The Elder Scrolls Online’s new year-long adventure begins in just a few days. The Gates of Oblivion will open, taking us to The Elder Scrolls IV’s fiery hellscape, the Deadlands, not to mention a few other iconic locations from the main RPG game series’ past. We’ll also head into arcane, untrodden ground with its first DLC, Flames of Ambition.
There are two dungeons in the pack: Black Drake Villa and The Cauldron. The former is a foray into a dilapidated villa to find a powerful artifact, while the latter tasks you with disrupting a powerful cult of Daedra worshippers. Of the two, I opt to play through Black Drake Villa, with the MMORPG‘s lead encounter designer, Mike Finnigan; lead content designer, Jeremy Sera; and creative director Rich Lambert as my guides.
The titular villa is formerly of the Longhouse Emperors, a fallen dynasty of Cyrodiil-ruling Reachmen, and it’s teeming with trouble. Finnigan promises a secret library nestled beneath the villa, a mysterious tome packed with ancient knowledge, and the appearance of a fan-favourite character in Eveli Sharp-Arrow. So, off to the villa we head.
The exterior belies the danger within. The sprawling complex is like a jewel hewn from Cyrodiil’s Gold Coast – a Roman-inspired villa with columns, towers, and domes that would have screamed wealth in their heyday. Now, it plays host to a nasty band of mercenary lodgers called the True-Sworn.
In addition to the True-Sworn, goblins and beasts greet us at the gates, so we begin the bashing in earnest. Next we put groups of jumped-up Ironeye Sorcerers and Ravagers in their place, while I eye up some of the signposting the ESO team loves to sprinkle into the early stages of their dungeons – signs of mechanics and mischief to come, like the scythes in Skyrim’s Castle Thorn.
In this case that signposting manifests as some smoking vents and flaming salamanders. Right on cue, a band of baddies lit up with a fiery orange aura charges at us, which Finnigan confirms is the result of a buff the salamanders confer when nearby. If previous dungeons have taught me anything it’s that this is just the tip of the iceberg as far as this mechanic is concerned.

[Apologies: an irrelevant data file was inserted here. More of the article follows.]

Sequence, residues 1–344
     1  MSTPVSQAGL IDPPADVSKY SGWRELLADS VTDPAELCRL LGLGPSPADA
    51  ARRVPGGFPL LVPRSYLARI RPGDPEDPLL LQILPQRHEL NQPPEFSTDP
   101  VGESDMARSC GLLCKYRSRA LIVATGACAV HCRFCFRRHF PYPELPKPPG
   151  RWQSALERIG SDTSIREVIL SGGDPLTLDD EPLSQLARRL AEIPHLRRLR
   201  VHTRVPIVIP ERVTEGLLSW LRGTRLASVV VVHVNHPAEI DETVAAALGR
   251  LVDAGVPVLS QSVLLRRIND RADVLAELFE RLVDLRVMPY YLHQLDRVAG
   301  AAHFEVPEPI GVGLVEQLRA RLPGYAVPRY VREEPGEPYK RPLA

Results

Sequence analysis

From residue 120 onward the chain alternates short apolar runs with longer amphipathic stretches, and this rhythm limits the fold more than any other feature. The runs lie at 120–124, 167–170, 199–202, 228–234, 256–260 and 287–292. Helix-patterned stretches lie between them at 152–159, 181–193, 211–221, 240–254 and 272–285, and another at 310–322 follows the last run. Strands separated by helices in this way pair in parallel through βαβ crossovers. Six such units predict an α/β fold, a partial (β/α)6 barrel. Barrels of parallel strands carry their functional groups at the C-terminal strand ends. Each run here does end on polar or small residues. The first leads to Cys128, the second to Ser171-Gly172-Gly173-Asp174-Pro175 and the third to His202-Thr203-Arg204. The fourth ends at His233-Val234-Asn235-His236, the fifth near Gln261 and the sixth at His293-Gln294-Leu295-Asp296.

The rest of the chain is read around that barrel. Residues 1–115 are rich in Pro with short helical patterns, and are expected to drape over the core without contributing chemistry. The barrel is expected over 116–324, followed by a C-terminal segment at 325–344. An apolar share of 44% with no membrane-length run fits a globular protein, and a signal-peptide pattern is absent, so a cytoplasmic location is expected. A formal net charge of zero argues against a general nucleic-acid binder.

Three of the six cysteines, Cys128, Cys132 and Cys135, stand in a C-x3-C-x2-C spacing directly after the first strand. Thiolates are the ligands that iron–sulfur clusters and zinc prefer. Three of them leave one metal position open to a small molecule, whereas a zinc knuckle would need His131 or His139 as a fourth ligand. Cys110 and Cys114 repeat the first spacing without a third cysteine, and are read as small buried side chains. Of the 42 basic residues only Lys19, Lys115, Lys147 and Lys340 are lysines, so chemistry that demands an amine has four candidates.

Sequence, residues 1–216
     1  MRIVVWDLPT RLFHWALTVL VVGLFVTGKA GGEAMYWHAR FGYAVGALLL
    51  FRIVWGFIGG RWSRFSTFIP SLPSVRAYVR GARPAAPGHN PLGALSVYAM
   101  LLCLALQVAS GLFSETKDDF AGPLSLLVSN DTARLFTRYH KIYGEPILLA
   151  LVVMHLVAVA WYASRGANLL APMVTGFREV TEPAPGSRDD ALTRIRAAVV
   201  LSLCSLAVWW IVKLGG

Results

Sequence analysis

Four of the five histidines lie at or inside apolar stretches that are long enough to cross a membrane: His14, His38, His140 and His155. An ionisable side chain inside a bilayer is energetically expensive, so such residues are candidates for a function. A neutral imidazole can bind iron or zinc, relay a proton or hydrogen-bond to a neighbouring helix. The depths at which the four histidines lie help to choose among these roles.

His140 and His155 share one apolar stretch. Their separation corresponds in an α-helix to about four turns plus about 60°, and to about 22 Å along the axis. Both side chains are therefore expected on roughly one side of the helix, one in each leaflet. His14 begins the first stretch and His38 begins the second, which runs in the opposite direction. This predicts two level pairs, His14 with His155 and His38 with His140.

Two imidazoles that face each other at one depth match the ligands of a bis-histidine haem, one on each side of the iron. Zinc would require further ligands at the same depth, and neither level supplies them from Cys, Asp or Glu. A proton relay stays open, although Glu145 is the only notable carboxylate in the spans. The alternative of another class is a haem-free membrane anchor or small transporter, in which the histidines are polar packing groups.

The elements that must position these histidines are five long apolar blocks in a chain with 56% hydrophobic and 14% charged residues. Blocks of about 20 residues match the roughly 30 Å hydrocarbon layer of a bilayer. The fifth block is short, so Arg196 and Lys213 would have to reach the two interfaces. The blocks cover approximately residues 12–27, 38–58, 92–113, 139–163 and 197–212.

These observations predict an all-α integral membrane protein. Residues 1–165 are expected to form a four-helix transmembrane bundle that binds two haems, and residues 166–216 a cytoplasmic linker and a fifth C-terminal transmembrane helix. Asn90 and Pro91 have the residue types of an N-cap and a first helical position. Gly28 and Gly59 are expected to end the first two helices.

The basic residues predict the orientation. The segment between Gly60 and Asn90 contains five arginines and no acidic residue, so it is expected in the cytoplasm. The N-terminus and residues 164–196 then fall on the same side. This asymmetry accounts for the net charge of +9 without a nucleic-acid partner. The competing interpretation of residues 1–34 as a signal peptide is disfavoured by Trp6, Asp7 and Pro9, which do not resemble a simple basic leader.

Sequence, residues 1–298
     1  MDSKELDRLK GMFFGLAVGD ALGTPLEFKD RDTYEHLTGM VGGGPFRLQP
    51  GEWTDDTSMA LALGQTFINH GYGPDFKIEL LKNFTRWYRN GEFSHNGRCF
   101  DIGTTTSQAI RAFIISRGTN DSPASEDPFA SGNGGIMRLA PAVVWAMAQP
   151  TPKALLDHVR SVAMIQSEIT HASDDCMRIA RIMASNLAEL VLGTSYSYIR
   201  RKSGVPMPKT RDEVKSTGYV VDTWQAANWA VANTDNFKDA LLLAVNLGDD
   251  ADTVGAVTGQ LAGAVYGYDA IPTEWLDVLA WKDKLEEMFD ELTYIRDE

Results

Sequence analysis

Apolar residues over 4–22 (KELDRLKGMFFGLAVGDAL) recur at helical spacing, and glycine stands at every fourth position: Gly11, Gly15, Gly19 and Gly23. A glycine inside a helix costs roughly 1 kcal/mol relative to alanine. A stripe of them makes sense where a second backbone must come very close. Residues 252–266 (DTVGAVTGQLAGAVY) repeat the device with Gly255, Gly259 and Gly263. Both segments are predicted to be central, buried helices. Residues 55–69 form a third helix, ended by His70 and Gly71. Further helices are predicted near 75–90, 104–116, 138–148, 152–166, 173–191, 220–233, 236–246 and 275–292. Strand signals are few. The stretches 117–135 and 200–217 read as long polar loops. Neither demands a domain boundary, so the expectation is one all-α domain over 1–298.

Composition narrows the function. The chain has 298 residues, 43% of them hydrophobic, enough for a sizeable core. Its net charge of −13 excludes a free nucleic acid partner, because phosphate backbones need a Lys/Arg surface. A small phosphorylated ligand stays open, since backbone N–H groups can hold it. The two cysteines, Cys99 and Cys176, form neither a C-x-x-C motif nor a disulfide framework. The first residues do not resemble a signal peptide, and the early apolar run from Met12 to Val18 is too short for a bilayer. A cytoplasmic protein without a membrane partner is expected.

Speaking of upcoming horrors, Black Drake Villa embodies ESO’s new style of dungeons, featuring three bosses, each with their own hard mode for veteran players who crave a fresh challenge. The first of these, the minotaur Kinras Ironeye, is waiting for me in the next courtyard.
Kinras Ironeye stands looming at the far end of the arena, brandishing a studded club as big as me. There are fiery red AoE spots to dodge as I close space and attempt to get a hit in. As if his girth wasn’t enough of an advantage, the beast starts planting totems that fire shots at the party while he goes about turning us into pâté.
Those flaming salamanders we encountered earlier? Well, they’re back, and waddling over to Kinras with a piping hot delivery of buffs. Now the party is split between slaying amphibians and keeping Kinras busy. He also chucks his club across the courtyard at times, scattering us and ensuring the battle is a highly mobile affair.
Minotaur down, we head inside to find the library. At this point we can explore the main building more, but Eveli insists we sniff out the tome, so we oblige and hop through a trapdoor into the villa’s secret basement. It’s a cavernous chamber that reminds me of Fable III’s Reliquary. The shelves are lined with weighty tomes and around the library piles of research papers and volumes burn, filling the chamber with smoke.